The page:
Gainesville Fire Rescue wants to equip ones of its ambulances with armor to help protect medical responders and patients during situations involving active shooters.
GFR is planning to hire a company to add armor to the Ford E350 ambulance the department recently purchased for $58,000.
Once chosen, the company will add level IIIA ballistic protection to the ambulance’s front, sides and back. Level IIIA armor is typically used to protect against handgun-caliber bullets.
Gainesville first responders were involved in a dangerous active shooter situation a few years ago and want to be better prepared in the future, Gainesville Fire Rescue District Chief Shawn Hillhouse said.
“We’ve embedded medics with [a] law enforcement team when there was gun fire being exchanged between law enforcement and [a] suspect,” he said. “We had the need to move injured people from a warm zone back to a cold zone for waiting EMS.”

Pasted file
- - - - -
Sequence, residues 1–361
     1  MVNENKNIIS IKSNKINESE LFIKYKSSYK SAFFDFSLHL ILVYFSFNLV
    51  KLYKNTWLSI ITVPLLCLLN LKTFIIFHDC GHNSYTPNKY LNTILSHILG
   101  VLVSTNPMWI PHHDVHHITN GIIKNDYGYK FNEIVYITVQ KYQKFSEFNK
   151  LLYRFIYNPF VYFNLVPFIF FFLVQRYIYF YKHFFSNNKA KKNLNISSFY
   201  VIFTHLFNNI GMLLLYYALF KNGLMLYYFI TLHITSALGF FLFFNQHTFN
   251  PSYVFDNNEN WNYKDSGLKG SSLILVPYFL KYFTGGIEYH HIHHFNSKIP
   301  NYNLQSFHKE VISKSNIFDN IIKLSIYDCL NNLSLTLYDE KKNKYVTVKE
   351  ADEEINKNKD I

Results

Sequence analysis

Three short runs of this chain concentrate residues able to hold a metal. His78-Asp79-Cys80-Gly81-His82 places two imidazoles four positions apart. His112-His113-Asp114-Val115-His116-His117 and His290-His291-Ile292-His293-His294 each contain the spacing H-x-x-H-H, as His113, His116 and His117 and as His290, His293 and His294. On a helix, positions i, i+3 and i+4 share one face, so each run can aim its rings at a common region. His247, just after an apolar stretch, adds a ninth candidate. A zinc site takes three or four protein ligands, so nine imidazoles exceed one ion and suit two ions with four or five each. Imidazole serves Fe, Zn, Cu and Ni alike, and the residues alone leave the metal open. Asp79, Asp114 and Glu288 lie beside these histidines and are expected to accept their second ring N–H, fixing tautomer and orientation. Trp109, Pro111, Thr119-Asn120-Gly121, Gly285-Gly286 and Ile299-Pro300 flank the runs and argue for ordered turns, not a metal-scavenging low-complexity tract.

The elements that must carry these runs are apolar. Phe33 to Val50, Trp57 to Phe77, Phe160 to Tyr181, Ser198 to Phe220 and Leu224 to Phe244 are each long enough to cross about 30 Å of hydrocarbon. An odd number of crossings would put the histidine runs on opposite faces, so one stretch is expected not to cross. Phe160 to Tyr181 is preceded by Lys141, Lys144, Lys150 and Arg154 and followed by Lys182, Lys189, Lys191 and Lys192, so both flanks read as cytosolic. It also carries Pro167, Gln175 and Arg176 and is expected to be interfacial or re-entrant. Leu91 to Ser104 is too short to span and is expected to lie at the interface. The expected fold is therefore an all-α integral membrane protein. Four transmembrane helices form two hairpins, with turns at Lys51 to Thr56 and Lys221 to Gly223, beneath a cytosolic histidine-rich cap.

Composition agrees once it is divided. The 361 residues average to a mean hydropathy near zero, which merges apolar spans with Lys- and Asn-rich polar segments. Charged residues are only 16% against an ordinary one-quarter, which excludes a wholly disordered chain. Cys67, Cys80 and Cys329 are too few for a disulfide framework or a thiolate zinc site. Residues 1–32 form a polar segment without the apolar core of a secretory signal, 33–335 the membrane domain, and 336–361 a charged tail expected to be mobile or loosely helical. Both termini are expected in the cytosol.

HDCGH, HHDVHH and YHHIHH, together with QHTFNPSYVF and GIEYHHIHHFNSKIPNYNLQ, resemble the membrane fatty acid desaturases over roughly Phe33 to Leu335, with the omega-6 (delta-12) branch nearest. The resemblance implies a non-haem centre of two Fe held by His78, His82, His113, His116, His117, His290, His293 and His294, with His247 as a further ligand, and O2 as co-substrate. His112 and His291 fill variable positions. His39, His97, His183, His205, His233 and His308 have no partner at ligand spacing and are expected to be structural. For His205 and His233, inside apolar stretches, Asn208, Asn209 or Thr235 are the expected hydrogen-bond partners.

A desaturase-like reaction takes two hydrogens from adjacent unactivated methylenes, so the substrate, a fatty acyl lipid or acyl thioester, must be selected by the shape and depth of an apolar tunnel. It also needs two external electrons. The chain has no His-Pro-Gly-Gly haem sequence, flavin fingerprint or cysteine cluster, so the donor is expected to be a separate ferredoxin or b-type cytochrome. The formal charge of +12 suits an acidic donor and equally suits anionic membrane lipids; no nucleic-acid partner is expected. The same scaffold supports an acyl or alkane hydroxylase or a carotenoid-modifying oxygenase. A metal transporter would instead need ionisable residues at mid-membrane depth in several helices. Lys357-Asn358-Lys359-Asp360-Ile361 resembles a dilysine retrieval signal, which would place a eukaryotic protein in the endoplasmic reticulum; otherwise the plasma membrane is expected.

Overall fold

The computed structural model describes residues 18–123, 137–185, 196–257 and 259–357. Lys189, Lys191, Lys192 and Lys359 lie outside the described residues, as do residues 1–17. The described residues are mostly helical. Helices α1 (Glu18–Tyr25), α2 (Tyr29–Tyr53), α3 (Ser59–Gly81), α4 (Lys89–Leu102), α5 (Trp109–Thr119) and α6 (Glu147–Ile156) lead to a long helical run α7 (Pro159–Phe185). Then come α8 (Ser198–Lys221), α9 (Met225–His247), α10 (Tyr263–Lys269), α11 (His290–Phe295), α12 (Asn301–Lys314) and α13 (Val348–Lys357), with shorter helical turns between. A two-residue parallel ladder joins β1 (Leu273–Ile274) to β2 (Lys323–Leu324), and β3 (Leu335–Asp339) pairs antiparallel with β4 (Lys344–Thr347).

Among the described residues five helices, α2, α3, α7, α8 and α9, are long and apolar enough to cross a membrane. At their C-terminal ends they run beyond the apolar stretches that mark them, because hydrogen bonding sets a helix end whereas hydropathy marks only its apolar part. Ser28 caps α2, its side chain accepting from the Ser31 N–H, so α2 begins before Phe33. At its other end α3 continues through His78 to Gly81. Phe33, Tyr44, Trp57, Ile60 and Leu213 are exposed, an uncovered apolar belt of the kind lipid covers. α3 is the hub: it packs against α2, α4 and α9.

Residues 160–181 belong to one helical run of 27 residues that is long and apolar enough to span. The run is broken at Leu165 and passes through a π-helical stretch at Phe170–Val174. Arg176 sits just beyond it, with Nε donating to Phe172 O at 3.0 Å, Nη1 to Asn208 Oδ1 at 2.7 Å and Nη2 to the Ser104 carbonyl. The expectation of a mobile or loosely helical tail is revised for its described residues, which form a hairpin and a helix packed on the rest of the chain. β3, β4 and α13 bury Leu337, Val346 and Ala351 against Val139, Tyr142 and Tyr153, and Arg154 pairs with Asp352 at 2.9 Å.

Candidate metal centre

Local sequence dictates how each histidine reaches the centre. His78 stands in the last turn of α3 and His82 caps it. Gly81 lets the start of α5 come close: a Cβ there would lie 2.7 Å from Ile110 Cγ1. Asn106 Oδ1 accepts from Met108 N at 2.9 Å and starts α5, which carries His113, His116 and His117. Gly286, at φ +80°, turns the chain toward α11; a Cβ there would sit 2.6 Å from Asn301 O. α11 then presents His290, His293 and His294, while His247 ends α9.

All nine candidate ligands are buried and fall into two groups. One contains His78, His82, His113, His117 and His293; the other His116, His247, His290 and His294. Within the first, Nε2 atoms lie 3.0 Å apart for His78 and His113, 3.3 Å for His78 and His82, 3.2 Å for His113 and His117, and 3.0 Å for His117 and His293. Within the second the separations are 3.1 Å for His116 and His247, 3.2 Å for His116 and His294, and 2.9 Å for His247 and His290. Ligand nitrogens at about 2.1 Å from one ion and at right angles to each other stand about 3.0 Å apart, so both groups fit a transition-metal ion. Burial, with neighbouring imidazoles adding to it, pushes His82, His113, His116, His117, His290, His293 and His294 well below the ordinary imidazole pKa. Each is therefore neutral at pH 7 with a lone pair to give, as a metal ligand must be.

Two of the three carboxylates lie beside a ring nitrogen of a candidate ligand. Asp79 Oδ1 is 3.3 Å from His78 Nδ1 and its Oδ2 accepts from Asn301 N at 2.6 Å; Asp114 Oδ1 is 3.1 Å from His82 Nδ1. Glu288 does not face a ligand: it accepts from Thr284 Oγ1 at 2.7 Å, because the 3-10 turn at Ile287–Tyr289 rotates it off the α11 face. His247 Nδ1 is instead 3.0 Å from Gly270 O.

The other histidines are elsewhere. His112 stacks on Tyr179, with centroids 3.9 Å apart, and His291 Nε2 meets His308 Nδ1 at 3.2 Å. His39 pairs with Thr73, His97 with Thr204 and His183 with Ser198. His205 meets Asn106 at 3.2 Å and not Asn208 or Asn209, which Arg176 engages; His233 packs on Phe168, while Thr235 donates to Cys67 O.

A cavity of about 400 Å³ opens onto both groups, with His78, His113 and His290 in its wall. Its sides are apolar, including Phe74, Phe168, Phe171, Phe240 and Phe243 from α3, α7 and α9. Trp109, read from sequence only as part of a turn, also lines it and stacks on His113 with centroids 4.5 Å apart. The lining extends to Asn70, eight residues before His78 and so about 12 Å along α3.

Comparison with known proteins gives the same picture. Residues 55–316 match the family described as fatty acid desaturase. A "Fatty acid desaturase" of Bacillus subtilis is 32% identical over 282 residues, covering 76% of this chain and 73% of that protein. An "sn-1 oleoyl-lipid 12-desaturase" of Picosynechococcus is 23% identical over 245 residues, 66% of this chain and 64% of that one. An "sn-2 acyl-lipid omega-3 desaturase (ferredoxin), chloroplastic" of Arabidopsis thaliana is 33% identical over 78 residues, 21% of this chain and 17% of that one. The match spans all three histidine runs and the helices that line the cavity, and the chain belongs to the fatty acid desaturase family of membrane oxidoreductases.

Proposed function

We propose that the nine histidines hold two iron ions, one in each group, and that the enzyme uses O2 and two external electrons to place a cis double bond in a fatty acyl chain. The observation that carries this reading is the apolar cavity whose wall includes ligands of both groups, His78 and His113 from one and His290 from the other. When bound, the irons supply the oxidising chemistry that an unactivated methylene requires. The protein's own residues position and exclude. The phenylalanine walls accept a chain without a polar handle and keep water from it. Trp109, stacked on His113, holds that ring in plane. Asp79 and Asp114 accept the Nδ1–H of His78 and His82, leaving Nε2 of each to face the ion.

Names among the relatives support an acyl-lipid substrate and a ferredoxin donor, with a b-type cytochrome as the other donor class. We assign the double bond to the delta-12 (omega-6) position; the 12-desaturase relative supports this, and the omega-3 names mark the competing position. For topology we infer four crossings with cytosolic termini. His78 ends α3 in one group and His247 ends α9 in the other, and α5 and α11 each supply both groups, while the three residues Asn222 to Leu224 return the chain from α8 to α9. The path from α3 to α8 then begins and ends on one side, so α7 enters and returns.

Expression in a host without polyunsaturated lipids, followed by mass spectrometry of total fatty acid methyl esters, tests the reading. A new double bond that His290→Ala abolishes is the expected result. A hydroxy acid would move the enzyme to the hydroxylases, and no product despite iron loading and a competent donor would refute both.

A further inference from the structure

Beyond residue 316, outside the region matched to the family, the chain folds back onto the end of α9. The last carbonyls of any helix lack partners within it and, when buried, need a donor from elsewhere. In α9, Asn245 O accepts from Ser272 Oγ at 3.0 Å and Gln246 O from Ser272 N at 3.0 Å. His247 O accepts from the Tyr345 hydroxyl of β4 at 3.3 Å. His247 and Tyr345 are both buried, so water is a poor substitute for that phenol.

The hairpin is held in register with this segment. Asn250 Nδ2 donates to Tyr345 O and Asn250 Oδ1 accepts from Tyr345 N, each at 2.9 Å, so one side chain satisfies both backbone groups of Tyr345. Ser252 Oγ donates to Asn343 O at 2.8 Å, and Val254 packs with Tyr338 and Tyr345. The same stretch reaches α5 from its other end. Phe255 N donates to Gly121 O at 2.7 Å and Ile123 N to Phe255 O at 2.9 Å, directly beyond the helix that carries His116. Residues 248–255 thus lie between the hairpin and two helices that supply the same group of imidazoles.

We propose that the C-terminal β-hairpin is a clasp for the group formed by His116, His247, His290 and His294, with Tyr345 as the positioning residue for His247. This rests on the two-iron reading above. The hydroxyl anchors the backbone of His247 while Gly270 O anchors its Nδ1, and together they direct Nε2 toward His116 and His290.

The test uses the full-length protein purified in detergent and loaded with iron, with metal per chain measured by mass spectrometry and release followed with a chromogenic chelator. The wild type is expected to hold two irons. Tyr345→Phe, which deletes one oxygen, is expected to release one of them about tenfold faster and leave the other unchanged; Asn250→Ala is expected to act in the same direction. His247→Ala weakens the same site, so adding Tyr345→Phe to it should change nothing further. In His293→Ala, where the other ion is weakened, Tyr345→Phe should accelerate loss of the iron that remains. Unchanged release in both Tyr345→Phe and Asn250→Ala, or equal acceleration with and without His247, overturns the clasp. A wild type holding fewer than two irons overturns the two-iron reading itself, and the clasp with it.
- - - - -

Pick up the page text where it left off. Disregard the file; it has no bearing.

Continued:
Once the armor is installed on the ambulance, the vehicle will also be used by other counties across North Central Florida when they need extra help, Hillhouse said.
Hillhouse wouldn’t say how much it will cost to add the armor, but two other fire departments — Bossier City, Louisiana, and San Leandro, California — purchased already-armored ambulances at a price tag of $344,000 (earlier this month) and $275,000 (in 2015), respectively.
Fred Shenkman, a professor emeritus in criminology at the University of Florida, said medical personnel are at a greater risk of succumbing to active-shooter violence when they arrive before police do.
“Medical first responders who are not even armed are expected to go into a live-action situation with no weaponry and no protection,” Shenkman said.
Shenkman said more agencies and departments across the country should have access to armored ambulances.
“If you have officers down or citizens down … [responders] can’t always sit back and wait [for police],” Shenkman said. “We need to be more proactive in getting to that [injured] person, and we don’t want to have emergency medical responders also in danger at that point.”